Peer had once asked himself: Was that kernel of invariants-and the more-or-less unbroken thread of memory-enough? Had David Hawthorne, by another name, achieved the immortality he"d paid for? Or had he died somewhere along the way?

There was no answer. The most that could be said, at any moment, was that someone existed who knew-or believed-that they"d once been David Hawthorne.

And so Peer had made the conscious decision to let that be enough.
<dd><br><dd>12 <dd><br><dd>(Rip, tie, cut toy man) <dd><br><dd>JUNE 2045

Paul switched on the terminal and made contact with his old organic self. The djinn looked tired and frayed; all the begging and bribery required to set up the latest stage of the experiment must have taken its toll. Paul felt more alive than he"d ever felt, in any incarnation; his stomach was knotted with something like fear, but the electric tingling of his skin felt more like the anticipation of triumph. His body was about to be mutilated, carved up beyond recognition-and yet he knew he would survive, suffer no harm, feel no pain.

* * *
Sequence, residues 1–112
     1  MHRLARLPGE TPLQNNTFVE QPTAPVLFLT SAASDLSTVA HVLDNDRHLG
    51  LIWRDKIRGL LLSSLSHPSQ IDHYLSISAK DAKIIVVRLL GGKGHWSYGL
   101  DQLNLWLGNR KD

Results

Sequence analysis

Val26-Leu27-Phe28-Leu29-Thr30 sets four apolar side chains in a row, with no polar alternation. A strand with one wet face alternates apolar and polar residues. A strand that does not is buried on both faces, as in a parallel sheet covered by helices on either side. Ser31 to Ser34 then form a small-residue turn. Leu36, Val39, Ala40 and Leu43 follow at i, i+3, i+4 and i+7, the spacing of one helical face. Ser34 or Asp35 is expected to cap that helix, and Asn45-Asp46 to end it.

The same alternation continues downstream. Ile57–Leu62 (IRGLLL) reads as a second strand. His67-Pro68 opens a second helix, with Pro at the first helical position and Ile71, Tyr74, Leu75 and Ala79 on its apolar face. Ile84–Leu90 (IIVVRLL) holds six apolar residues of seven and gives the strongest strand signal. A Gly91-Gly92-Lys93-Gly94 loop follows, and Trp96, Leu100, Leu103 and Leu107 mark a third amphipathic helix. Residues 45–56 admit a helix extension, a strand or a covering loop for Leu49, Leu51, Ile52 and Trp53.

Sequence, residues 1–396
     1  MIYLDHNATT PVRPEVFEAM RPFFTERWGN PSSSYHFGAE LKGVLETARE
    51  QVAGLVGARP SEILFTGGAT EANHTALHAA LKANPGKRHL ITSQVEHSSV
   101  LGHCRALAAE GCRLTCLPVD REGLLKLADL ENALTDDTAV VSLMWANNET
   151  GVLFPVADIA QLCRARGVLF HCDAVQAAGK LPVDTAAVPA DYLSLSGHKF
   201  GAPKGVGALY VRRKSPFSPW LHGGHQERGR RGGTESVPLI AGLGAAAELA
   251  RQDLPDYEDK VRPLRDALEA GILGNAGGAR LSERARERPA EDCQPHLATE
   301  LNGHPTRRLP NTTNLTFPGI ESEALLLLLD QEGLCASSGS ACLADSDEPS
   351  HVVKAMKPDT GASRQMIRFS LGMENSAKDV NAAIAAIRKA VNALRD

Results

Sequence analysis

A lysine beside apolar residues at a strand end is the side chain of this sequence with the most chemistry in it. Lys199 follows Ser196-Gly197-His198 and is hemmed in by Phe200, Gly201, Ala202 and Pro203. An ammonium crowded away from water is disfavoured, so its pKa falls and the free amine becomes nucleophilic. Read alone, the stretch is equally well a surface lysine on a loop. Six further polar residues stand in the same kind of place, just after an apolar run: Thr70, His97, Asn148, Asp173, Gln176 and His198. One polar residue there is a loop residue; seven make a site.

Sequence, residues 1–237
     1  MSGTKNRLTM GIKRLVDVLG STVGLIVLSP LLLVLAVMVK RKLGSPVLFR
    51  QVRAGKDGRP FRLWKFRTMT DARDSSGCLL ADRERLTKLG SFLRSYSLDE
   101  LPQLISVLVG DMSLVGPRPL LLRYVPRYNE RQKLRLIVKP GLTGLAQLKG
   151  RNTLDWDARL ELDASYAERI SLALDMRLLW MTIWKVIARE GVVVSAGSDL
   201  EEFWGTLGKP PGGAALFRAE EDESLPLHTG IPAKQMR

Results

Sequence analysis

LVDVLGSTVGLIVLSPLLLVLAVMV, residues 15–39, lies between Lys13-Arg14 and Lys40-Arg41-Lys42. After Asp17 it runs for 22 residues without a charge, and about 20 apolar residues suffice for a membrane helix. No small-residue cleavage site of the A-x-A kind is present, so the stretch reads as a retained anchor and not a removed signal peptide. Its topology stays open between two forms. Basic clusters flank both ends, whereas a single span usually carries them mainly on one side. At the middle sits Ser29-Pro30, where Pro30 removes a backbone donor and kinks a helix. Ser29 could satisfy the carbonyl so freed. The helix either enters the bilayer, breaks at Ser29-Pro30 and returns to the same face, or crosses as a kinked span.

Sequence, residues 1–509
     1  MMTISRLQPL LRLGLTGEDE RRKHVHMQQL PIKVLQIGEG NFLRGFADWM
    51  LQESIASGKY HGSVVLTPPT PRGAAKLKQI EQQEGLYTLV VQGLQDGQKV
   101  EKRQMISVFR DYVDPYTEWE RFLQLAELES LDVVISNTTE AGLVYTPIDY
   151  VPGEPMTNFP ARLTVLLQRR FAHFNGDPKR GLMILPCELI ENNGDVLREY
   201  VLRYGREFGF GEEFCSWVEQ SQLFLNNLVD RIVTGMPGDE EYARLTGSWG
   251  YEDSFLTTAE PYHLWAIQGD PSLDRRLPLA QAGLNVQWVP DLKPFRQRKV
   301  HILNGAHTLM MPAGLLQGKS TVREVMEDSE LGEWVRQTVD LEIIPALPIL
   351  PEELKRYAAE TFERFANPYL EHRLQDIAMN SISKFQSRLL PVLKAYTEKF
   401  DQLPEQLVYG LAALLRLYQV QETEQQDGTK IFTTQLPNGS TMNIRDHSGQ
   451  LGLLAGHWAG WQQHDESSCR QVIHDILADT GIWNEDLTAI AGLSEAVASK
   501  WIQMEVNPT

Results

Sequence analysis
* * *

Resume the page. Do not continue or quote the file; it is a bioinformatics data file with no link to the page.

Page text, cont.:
Squeak. "Experiment three, trial zero. Baseline data. All computations performed by processor cluster number four six two, Hitachi Supercomputer Facility, Tokyo."

"One. Two. Three." It was nice to be told where he was, at last; Paul had never visited Japan before. "Four. Five. Six." And on his own terms, he still hadn"t. The view out the window was Sydney, not Tokyo; why defer to the external geography, when it made no difference at all? "Seven. Eight. Nine. Ten."

Squeak. "Trial number one. Model partitioned into five hundred sections, run on five hundred processor clusters, distributed globally."

Paul counted. Five hundred clusters. Five only for the crudely modeled external world; all the rest were allocated to his body-and most to the brain. He lifted his hand to his eyes-and the information flow that granted him motor control and sight traversed tens of thousands of kilometers of optical cable. There was no (perceptible) delay; each part of him simply hibernated when necessary, waiting for the requisite feedback from around the world.